Archive for Thursday, February 19, 2009

10-year-old Jayhawk fan fights rare lung disease

Ten-year-old Michael Douglas is wheeled out to the playground at Wellsville Elementary School by his classmates Gavin Wilson, 11, and Dylan Leckner, 11. Michael suffers from interstitial lung disease and has been on oxygen since he was 1 year old. The two classmates pay special attention to the needs of their friend, often hanging out indoors with Michael during recess as he is unable to participate in high-level activities or be outside when temperatures dip below 50 degrees. While the friends started recess outside on Feb. 5, they ended up playing inside because of the chilly wind.

Ten-year-old Michael Douglas is wheeled out to the playground at Wellsville Elementary School by his classmates Gavin Wilson, 11, and Dylan Leckner, 11. Michael suffers from interstitial lung disease and has been on oxygen since he was 1 year old. The two classmates pay special attention to the needs of their friend, often hanging out indoors with Michael during recess as he is unable to participate in high-level activities or be outside when temperatures dip below 50 degrees. While the friends started recess outside on Feb. 5, they ended up playing inside because of the chilly wind.

February 19, 2009

WELLSVILLE — Dragging around a small oxygen tank, 10-year-old Michael Douglas shoots baskets during recess. He doesn’t let the plastic tubing, which runs from the tank to his nose, get in the way.

It’s too chilly and windy for Michael to be outside, so he aims for a makeshift basket in the hallway outside his fifth-grade classroom at Wellsville Elementary School.

Michael’s three buddies run after loose balls and all four take turns shooting. They laugh and joke. Michael also uses the opportunity to razz his friend Gavin Wilson, who roots for Kansas State University.

That’s because Michael is a huge Kansas University fan.

“I don’t think I’ve ever seen Michael wear anything that wasn’t KU,” his teacher Linda Robinson said. “He’s pretty quick to tell me that if there’s a game on, there is to be no homework.”

Family, school staff, doctors, friends and acquaintances describe him as a sports nut and a major Jayhawk supporter. They also say he is a typical fifth-grader — despite a rare lung disease that means he must use oxygen at all times. He also uses a food pump at night and endures a two-day steroid treatment every six weeks. This year, he began using a wheelchair because he gets short-winded. He also must stay indoors when the temperatures are below 50 degrees.

But you will never hear Michael complain or ask, “Why me?” Instead, he counts his blessings.

At Thanksgiving, Robinson asked her class to write what they were thankful for, and Michael wrote that he was thankful to be alive.

“That was very hard for me to read,” Robinson said. “You know, here we are all thinking about turkey and dressing and he’s just glad that he’s alive.”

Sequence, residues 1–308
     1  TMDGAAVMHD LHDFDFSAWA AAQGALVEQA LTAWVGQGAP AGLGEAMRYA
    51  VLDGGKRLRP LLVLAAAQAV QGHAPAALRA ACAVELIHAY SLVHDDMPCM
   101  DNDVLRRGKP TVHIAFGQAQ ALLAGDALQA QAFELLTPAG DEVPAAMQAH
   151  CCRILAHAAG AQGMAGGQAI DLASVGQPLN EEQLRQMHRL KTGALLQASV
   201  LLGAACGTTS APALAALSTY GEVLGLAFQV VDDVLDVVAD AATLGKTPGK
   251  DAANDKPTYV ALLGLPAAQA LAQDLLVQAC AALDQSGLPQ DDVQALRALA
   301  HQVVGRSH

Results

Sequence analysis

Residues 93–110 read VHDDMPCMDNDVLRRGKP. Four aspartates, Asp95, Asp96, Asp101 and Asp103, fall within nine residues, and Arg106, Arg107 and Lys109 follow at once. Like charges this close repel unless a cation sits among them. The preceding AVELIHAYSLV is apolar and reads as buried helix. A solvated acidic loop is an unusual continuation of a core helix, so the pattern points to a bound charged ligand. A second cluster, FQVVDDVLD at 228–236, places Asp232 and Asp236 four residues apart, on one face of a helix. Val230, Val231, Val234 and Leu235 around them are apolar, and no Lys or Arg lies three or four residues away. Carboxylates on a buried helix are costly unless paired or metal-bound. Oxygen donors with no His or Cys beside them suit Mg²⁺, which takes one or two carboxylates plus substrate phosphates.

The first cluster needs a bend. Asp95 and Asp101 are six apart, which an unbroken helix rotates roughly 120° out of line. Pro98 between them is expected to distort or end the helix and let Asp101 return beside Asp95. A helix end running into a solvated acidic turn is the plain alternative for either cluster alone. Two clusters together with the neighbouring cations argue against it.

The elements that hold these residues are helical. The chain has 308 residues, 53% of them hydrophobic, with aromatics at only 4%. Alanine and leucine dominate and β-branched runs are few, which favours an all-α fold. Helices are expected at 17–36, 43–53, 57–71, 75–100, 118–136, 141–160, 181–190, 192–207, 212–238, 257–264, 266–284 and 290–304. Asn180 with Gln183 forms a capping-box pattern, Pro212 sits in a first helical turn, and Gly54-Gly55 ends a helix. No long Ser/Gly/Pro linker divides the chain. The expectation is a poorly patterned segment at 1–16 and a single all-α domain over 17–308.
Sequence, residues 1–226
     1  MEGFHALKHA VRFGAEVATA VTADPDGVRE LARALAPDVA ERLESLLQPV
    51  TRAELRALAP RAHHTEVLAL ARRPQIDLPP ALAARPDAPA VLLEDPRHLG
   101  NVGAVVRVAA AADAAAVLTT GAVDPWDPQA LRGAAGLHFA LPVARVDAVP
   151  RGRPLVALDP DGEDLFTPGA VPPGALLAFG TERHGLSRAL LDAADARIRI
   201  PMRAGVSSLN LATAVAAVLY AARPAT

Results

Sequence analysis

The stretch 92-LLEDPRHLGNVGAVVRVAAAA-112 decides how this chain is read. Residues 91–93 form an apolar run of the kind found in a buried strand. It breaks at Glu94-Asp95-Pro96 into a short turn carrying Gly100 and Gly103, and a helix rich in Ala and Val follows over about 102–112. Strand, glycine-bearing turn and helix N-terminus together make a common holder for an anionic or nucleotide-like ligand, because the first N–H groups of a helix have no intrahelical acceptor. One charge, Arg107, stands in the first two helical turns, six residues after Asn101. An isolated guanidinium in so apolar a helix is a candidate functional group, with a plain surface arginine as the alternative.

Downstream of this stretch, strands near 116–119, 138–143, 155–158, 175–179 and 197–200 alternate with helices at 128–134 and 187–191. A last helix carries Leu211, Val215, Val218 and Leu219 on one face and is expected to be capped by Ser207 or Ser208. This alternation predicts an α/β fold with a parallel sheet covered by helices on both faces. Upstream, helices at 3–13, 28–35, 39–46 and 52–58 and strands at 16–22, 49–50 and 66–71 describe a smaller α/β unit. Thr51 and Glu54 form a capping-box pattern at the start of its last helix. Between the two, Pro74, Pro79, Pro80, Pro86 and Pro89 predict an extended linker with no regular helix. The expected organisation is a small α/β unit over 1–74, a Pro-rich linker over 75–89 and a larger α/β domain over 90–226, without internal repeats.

Those who know him say he has more willpower than the football and basketball players he looks up to.

“Words cannot even describe how impressed I am by his spunk and his desire to live and his sense of humor,” said Marci Mulloy, a respiratory therapist at Children’s Mercy Hospital in Kansas City, Mo. “He’s just an incredible kid.”

His illness

Just before his first birthday on Feb. 23, 1999, Michael began breathing rapidly, so his parents took him to the hospital emergency room in Ottawa. From there, he went by ambulance to Children’s Mercy.

At the time, they thought he had recurring pneumonia.

“He would be in for a few days and back out, in for a few days and back out,” his mother, Lisa, said. Michael also was having trouble keeping food down.

Doctors didn’t know what was wrong, so he was hospitalized for about 40 days while they investigated. Michael was born with pectus excavatum — a sunken chest — and, at first, doctors thought that might be the cause. They inserted a bar into Michael’s chest, but his condition didn’t improve. The bar eventually was removed; it was the last of six surgeries before the age of 5.

During the long hospital stay, he had two surgeries, including one to insert a gastric feeding tube.

In April, Michael returned home although doctors still didn’t know what was wrong. They sent him home with oxygen.

A year later, Dr. Philip Black, pediatric pulmonologist at Children’s Mercy, diagnosed Michael with interstitial lung disease. It’s an illness that causes progressive scarring of lung tissue, and so affects Michael’s ability to breathe. Black said it’s basically a stiffening of lung tissue.

After the diagnosis, Michael was sent to Houston, where he saw a specialist who devised a plan for how to live with the disease, because there is no cure. The plan included medicines and steroid treatments. Lisa said the steroid treatments made a big difference.

“Before, he would be in the stroller and just have his head down all of the time,” Lisa said.

Lisa, who was a first-grade teacher before Michael’s illness, asked the specialist if Michael would be able to attend school. She was crushed when he said he would be too tired.

But Michael proved the doctor wrong. He has been in school since kindergarten, and while his illness has caused him to miss weeks of school here and there, he has managed to keep up. In fact, he has earned all A’s.